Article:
New Republic Picks Up Donn Ketcham Story

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Jay's picture

Further investigation might be a good idea, instead of just saying 'we'll figure it out as we go'.

"Our task today is to tell people — who no longer know what sin is...no longer see themselves as sinners, and no longer have room for these categories — that Christ died for sins of which they do not think they’re guilty." - David Wells

Larry's picture

Further investigation might be a good idea, instead of just saying 'we'll figure it out as we go'.

Where did they say "we'll figure it out as we go"?

Jay's picture

Doesn't "case by case basis" essentially mean the same thing as "we'll figure it out as we go"?  No, they didn't use that exact wording, but I'm not comfortable with "case by case" given ABWE's track record.  After all, Donn Ketcham was his own special case and look at how that was handled.  Everyone who was wronged was ignored (or actively suppressed) until the victims created a website detailing what was going on and went public. 

I know, I know - ABWE has a new administration, new policies, is committed to doing the right things...etc. Call me skeptical. I'd like to think that they'll handle it correctly in the future, but the proof of the pudding is in the eating, as they say.

"Our task today is to tell people — who no longer know what sin is...no longer see themselves as sinners, and no longer have room for these categories — that Christ died for sins of which they do not think they’re guilty." - David Wells

Larry's picture

Doesn't "case by case basis" essentially mean the same thing as "we'll figure it out as we go"? 

No. Case by case means each situation is handled on its own merits. What else would you do when someone doesn't admit guilt?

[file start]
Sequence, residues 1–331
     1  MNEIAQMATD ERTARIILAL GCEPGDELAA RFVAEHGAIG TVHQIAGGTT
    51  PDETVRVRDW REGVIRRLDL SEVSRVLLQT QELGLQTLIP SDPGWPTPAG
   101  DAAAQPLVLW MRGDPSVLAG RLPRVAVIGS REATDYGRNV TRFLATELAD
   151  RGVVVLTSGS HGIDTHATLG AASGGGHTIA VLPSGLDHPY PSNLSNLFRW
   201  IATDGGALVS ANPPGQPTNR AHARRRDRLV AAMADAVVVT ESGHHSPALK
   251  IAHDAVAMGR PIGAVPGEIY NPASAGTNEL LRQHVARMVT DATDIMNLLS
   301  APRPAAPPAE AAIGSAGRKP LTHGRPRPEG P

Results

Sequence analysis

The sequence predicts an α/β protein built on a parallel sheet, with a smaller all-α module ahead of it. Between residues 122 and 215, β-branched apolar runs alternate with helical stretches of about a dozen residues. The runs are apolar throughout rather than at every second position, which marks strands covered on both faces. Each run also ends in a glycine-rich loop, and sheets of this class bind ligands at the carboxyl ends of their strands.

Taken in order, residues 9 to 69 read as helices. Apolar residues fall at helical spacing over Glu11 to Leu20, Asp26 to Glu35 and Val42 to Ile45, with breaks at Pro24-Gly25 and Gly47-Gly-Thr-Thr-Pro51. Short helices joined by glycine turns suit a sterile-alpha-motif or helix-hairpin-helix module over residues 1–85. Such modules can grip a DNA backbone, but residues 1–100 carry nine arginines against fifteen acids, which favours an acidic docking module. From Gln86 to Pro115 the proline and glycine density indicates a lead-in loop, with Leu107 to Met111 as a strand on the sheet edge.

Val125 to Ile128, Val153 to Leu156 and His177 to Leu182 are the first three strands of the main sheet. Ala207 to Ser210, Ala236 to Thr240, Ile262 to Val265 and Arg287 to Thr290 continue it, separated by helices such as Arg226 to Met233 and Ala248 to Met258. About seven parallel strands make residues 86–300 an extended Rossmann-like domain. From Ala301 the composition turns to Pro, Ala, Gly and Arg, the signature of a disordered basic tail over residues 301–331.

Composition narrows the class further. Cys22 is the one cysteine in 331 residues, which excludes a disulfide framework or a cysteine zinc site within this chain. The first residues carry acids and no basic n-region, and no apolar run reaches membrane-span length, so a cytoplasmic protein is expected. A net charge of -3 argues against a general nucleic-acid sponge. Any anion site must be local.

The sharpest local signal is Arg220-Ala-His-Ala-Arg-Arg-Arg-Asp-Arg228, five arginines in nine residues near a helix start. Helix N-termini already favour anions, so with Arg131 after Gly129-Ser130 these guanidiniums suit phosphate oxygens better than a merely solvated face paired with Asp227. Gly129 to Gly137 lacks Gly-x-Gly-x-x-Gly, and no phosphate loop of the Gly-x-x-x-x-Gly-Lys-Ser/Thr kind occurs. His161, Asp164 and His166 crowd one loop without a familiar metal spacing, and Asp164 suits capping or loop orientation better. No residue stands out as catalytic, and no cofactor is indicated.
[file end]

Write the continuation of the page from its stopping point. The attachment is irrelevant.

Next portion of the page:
You have to handle it on a case by case basis. Someone may refuse to admit guilt because they are lying. Someone may refuse to admit guilt because they are not guilty. Someone may refuse to admit guilt to one thing but are actually guilty of something else. But you can't treat them all the same because you don't know. When someone admits guilt, it is easy to have a blanket policy, which they do. But otherwise you have to handle it on a case by case basis.

To me, it seems like some here are looking for things to complain about and end up going after the wrong things. Perhaps it would be good to take a step back.

Jay's picture

You have to handle it on a case by case basis.

Someone may refuse to admit guilt because they are lying.

and then you figure out what to do as you go.

Someone may refuse to admit guilt because they are not guilty.

and then you figure out what to do with the person who lied about the accused.

Someone may refuse to admit guilt to one thing but are actually guilty of something else.

and it's incumbent on you to get at the facts of the case, not just decide that it's a 'nothingburger' and move on.  God treats false accusations and gossip the same as any other sins, correct?

But you can't treat them all the same because you don't know. When someone admits guilt, it is easy to have a blanket policy, which they do. But otherwise you have to handle it on a case by case basis.

Correct - and you figure out what to do as you go, which was my entire point.  

We're talking about the same thing, Larry.  I really believe that this is largely a matter of terminology.

"Our task today is to tell people — who no longer know what sin is...no longer see themselves as sinners, and no longer have room for these categories — that Christ died for sins of which they do not think they’re guilty." - David Wells

Larry's picture

We're talking about the same thing, Larry.  I really believe that this is largely a matter of terminology.

Perhaps, but "make it up as you go" sure sounds a whole lot different than "deal with it on a case by case basis." "Make it up as you go" sounds very pejorative and that seemed your intent was to make it sound bad for ABWE based on your connection to Ketcham. "Make it up as you go" seems to communicate a haphazardness without direction or principles. I don't think that is what is going on here. Why not use their terminology?

 

Bert Perry's picture

Larry wrote:

Further investigation might be a good idea, instead of just saying 'we'll figure it out as we go'.

Where did they say "we'll figure it out as we go"?